Buddha and Buddhism

Sometime around 590 B.C. a seeker after truth arrived at what is now the small town of Bodh Gaya in Bihar. He sat down to and was in guided meditation under a pipal tree and, after some time, achieved Enlightenment. His experience was to have a momentous effect not only on India, but on the whole of Southeast Asia, and in time its echoes were to be heard in most of the rest of the world. Who was this man, and what was his message?

The future Buddha was born Prince Gautama Siddhartha, son of Shuddhodana, king of the Shakya people, in Lumbini, on the India-Nepalese border. There is much controversy about his dates; the Mahabodhi Society of lndia believe he was born in 624 B.C., but many scholars prefer a later date, around 540 B.C. Whatever is the case, it is certain that Gautama was born a kshatriya - a member of the warrior caste. The legend is that King Shuddhodana was anxious to keep his son unharmed by the harsh realities of life and ensured that he enjoyed an existence of princely ease and undisturbed comfort within the safety of the palace at Kapilavastu.

In the course of time Gautama married and had a son. But his life of luxurious ignorance was not to last. lie was twenty-eight years old when, while out in his chariot one day, he happened to see in quick succession an old man, a sick man, a corpse being carried to cremation, and, finally, a wandering holy man. So great was the impression made by these intimations of mortality on the young Gautama that he decided there and then to renounce his life of pleasure and seek the Truth. He stole out of the palace in the middle of the night, he proceeded on his own. Gautama spent seven years studying under various spiritual teachers. He experimented with techniques of kriya yoga and hatha yoga, and his fervor was so great that at one stage he nearly fasted to death in pursuit of his goal.

His practices were no unusual for the time. Hatha yoga practices were widely pursued in this area which was even then famed for its Tantra and Kundalini Yoga masters. It is not known if Gautama engaged in tantric practices, or what methods he was taught to raise his kundalini, but it is sure that he had some guidance.

Eventually he decided that such extreme practices were a waste of time, and coming to Bodh Gaya, he vowed not to leave the place until he had realized the Truth. After many hours of solitary meditation, his kundalini energy rose through the 7 primary chakras and he attained supreme Enlightenment (nirvana). Gautama was thereafter known as the Buddha, “the Enlightened One.” He is also referred to as Shakyamuni, “the sage of the Shakya .”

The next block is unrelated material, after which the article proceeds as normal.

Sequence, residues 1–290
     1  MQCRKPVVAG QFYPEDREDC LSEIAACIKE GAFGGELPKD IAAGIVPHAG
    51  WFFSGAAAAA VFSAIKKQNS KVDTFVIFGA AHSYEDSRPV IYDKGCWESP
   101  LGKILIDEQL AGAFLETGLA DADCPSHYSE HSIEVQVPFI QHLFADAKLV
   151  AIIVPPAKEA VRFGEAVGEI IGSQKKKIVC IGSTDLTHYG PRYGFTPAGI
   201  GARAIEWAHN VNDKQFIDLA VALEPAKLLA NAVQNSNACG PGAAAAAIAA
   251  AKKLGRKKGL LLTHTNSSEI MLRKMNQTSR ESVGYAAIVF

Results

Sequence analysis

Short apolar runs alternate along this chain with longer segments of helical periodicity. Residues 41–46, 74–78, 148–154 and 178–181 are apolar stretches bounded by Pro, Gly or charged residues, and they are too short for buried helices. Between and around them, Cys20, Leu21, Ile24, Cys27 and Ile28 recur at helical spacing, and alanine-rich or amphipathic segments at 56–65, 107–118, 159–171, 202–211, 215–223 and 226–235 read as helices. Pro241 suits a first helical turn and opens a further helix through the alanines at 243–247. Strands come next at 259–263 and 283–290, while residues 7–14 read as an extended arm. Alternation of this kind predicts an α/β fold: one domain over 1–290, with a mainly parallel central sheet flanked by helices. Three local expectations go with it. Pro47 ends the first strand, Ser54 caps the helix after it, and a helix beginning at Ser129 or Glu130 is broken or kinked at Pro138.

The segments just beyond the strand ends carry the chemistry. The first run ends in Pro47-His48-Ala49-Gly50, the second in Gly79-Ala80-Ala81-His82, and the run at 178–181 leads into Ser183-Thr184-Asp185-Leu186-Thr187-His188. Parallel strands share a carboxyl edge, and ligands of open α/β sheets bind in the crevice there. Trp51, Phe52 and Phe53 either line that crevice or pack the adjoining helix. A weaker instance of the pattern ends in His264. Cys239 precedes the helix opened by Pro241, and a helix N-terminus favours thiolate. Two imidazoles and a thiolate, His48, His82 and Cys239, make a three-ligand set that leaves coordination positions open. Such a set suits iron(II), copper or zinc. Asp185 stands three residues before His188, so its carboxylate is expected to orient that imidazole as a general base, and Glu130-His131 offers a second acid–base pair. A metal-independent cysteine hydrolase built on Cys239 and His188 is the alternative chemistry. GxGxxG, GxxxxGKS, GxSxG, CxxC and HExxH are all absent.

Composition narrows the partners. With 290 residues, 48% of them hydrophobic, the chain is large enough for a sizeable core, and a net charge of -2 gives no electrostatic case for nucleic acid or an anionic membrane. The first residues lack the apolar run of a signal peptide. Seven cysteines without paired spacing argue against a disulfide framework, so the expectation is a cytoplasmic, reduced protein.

The Enlightened One called his teaching the dharma (Truth), which, he said, was glorious in the beginning, glorious in the middle, and glorious in the end. The Buddha himself was not concerned with establishing a religion. He wished only to create a monastic order (sangha) of individuals who would be able to find out the Truth for themselves. His last words to his followers were “Be a lamp unto yourselves, be a refuge unto yourselves, seek no refuge outside of yourselves.” It is almost certain that Hatha Yoga practices such as asanas and Surya Namaskar were not part of the monks routine. He strongly discouraged any personal adulation, saying that all he had done was to discover a universal truth that was independent of any one person. It was only after his death that his followers began to organize what we call the Buddhist religion, which, as time progressed, became less monastic and more popular worship, increasingly along the lines of the Hinduism the Master had originally rejected.

After the Enlightenment, the Buddha traveled to Sarnath near Banaras. Here he delivered his first discourse that the Buddhists call “the Setting in Motion of the Wheel of Truth.” In this first discourse, often called the Deer Park.. Sermon, the Buddha delineated his message “In its simplicity and clarity that were to become the hallmarks of his teaching. From its very beginning Buddhism had a fresh, translucent quality. It is straightforward and to the point, proceeding logically step by step through an analysis of the human predicament and culminating in the remedy. The dharma is like cool, clear water, which soothes, refreshes, and wakes us up. The Master often likened himself to a doctor who diagnoses the problem and presents the cure. As he himself said: "I show you suffering, and I show you the way out of suffering.”
The first discourse presented “the Four Noble Truths.” These are the basic tenets of Buddhism, as relevant to us today as they were when he expounded them, nearly twenty-six centuries ago.

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